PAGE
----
The financial lifecycle model is a simple framework to help you understand wealth accumulation and cash flow generation—your progression from financial dependence to independence.
Importantly, we all tend to invest in either one or more of the different types of asset classes to help us achieve our financial goals (a common financial goal for many of us is financial independence in retirement).
Furthermore, these assets invested in are held via either one or more of the different types of investment structures.
Compared to other investment structures, super is widely considered to be one of the most tax-effective investment structures available from a wealth accumulation and cash flow generation perspective.
Although not a comprehensive list, below are 11 of the top tax facts about super. Please note: Each tax fact isn’t covered in detail (only a brief snapshot is provided)—other important considerations go with each. For example, it’s important to consider things such as contribution eligibility, and conditions of release.
Super investment structure
When investing via super, it’s important to understand that there is an accumulation phase and a retirement phase. From a life stage perspective:
With the above in mind, from a tax perspective, the tax facts listed below are grouped according to their relevance to each phase. For example, the tax facts regarding contributions are underneath the title ‘Super (accumulation phase)’, as contributions can’t be made to a super account in retirement phase.
Super (accumulation phase)
1. Investment earnings in your super. Investment income is generally subject to a maximum of 15% tax. And, capital gains on assets held for longer than 12 months receive a 1/3 (33%) tax discount, which effectively reduces the tax rate to 10%.
2. Concessional (pre-tax) contributions to your super. The amount contributed is reduced by a tax of 15% (contributions tax). When considering salary sacrifice and personal deductible contributions (types of concessional contributions), this tax of 15% may be lower than your marginal tax rate. Please note:
3. Non-concessional (after-tax) contributions to your super. The amount contributed isn’t reduced by a contributions tax. Please note:
4. Insurance in your super. Your super fund trustee can generally claim the insurance premiums as a tax deduction, reducing the tax paid by your super fund trustee on your concessional contributions and super earnings. The tax saving is often rebated to your super account, effectively reducing the premium cost by 15%.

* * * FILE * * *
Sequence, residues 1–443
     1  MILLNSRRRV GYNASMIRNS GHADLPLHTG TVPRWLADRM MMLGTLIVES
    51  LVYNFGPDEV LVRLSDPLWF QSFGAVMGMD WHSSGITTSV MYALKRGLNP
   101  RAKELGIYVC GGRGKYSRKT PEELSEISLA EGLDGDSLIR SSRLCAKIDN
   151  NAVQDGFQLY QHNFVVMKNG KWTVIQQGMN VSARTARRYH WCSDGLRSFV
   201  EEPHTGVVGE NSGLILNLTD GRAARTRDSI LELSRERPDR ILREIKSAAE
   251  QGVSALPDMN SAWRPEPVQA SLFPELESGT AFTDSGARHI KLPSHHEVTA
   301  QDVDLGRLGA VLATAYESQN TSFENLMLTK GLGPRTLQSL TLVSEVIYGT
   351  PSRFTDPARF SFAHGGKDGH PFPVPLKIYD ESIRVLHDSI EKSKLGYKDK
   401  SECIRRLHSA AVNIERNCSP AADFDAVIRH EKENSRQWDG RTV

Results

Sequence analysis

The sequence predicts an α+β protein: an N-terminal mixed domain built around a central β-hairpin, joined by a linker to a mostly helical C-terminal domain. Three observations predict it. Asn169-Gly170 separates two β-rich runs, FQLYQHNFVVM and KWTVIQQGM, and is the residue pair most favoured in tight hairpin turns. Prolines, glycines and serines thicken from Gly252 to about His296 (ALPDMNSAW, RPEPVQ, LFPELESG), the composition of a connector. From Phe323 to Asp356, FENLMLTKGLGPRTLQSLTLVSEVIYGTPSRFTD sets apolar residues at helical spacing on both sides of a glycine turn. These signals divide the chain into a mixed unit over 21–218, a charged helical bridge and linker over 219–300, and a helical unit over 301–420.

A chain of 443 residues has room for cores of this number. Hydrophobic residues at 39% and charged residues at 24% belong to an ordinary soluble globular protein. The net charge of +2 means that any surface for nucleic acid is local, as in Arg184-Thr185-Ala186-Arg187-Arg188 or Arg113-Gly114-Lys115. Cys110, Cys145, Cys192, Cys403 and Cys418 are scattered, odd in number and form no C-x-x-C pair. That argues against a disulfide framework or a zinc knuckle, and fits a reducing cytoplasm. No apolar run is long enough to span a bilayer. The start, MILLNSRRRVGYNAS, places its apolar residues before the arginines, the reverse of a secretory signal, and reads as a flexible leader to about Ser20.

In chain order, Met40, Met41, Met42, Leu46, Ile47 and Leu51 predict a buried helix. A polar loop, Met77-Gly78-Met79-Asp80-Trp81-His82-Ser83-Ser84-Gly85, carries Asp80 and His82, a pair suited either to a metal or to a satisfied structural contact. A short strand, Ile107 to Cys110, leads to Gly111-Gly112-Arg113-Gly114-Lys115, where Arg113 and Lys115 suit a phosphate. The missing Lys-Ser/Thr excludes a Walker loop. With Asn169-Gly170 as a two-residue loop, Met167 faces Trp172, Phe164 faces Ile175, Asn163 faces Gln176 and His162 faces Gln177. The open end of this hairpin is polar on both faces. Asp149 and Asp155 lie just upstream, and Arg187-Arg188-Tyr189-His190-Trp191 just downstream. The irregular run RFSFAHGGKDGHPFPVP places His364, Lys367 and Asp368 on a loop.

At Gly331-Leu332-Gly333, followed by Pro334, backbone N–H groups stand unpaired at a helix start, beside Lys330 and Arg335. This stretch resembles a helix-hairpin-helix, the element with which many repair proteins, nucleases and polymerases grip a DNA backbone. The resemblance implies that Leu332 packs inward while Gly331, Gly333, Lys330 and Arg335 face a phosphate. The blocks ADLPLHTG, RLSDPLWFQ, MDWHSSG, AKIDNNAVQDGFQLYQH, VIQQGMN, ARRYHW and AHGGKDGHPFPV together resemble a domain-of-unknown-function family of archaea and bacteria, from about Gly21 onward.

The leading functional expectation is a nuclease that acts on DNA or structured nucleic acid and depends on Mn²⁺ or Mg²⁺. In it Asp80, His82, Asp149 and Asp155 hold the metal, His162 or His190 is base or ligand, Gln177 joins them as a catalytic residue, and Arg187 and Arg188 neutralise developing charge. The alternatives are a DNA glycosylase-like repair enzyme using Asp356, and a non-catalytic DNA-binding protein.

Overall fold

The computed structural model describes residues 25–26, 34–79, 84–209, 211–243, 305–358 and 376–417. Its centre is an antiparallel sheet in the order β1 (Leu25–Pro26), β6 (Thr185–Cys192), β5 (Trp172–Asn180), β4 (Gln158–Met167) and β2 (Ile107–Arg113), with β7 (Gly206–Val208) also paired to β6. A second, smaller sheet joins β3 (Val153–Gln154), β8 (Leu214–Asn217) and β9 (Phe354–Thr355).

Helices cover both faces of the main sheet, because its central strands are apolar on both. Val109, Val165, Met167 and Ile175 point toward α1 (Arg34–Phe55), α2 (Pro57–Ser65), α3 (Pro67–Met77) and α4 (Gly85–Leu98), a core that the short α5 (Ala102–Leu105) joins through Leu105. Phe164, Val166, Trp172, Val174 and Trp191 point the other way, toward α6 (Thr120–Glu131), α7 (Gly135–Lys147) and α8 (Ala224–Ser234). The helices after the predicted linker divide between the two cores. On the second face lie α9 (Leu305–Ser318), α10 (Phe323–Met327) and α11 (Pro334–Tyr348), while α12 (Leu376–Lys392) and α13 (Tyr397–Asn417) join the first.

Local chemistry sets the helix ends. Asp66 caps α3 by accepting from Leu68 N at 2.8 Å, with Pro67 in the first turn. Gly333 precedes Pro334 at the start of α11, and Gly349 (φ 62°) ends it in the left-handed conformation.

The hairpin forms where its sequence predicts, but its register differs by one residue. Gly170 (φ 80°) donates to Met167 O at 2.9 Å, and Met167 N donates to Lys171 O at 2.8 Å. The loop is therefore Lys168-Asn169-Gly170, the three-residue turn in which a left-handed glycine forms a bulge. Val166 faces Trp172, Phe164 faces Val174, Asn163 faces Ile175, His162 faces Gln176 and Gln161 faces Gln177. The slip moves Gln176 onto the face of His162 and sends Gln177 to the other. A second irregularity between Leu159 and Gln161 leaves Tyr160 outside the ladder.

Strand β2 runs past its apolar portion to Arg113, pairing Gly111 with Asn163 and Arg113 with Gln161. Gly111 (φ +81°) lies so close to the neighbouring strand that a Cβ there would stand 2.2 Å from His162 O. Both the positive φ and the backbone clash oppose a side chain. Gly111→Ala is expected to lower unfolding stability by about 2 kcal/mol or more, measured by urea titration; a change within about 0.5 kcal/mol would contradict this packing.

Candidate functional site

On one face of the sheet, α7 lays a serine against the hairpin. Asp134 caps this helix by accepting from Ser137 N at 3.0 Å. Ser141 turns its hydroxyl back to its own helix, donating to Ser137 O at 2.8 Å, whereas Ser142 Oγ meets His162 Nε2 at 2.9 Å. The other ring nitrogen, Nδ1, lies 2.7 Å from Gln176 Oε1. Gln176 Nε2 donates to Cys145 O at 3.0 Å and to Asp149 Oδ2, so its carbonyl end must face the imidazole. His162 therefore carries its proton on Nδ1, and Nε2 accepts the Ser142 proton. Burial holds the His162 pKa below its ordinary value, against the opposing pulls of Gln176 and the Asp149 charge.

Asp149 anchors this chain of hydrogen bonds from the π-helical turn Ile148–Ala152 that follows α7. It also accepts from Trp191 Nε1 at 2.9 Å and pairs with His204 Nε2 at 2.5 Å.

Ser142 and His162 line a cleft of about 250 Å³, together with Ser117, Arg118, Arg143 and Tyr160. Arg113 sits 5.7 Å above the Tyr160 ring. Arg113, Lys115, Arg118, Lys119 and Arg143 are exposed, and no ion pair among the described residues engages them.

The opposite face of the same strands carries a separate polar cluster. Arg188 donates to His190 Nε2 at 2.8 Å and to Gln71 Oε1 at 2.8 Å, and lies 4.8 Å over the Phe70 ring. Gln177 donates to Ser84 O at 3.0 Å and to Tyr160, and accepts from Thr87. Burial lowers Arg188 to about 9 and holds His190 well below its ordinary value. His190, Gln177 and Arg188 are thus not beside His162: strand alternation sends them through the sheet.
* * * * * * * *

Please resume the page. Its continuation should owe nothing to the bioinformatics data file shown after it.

5. Saving for a home deposit via your super. If you make voluntary contributions, you may be eligible to withdraw all or part of these contributions plus associated earnings for use as a deposit via the First Home Super Saver Scheme. Please note:
6. Small business capital gains tax (CGT) concessions. If you are considering selling a small business or the assets it uses, you may be eligible for CGT concessions that help reduce the taxable capital gain associated with the sale, and build your super retirement nest egg in the process. Please note:
7. Pension payments from your super. Pension payments from an accumulation phase transition to retirement income stream (TRIS) are generally tax-free if you are aged 60 or over. If you are under age 60, the taxable portion of pension payments is taxed at your marginal tax rate, less a 15% tax offset.
Super (retirement phase)
8. Investment earnings in your super. Investment income and capital gains are generally tax-exempt. Please note: The transfer balance cap, which is currently set at $1.6 million (indexed) per person, limits the amount of super benefits that can be transferred to retirement phase.
9. Pension payments from your super. Pension payments received from a retirement income stream (eg account-based pension or retirement phase TRIS) will be tax-free to you if you are aged 60 or over at the time of receiving the pension payment.
Super (accumulation or retirement phase)
10. Lump sum withdrawals from your super. Any lump sum withdrawals made after 60 years of age are generally tax-free. If you make a lump sum withdrawal and you are aged between preservation age and 60, the taxable component of the lump sum is taxed as follows:
11. Passing away and your super:
However, when the reversionary beneficiary turns 60, the pension payments from the reversionary death benefit income stream are tax-free.
After reading this article, you may also find of interest the following:
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